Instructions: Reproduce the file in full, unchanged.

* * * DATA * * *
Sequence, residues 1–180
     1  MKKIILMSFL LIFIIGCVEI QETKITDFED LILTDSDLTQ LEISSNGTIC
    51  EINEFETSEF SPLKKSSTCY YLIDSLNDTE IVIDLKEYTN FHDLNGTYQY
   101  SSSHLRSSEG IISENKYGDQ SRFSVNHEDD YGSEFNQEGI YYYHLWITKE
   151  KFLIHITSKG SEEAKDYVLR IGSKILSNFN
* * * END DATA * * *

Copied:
Sequence, residues 1–180
     1  MKKIILMSFL LIFIIGCVEI QETKITDFED LILTDSDLTQ LEISSNGTIC
    51  EINEFETSEF SPLKKSSTCY YLIDSLNDTE IVIDLKEYTN FHDLNGTYQY
   101  SSSHLRSSEG IISENKYGDQ SRFSVNHEDD YGSEFNQEGI YYYHLWITKE
   151  KFLIHITSKG SEEAKDYVLR IGSKILSNFN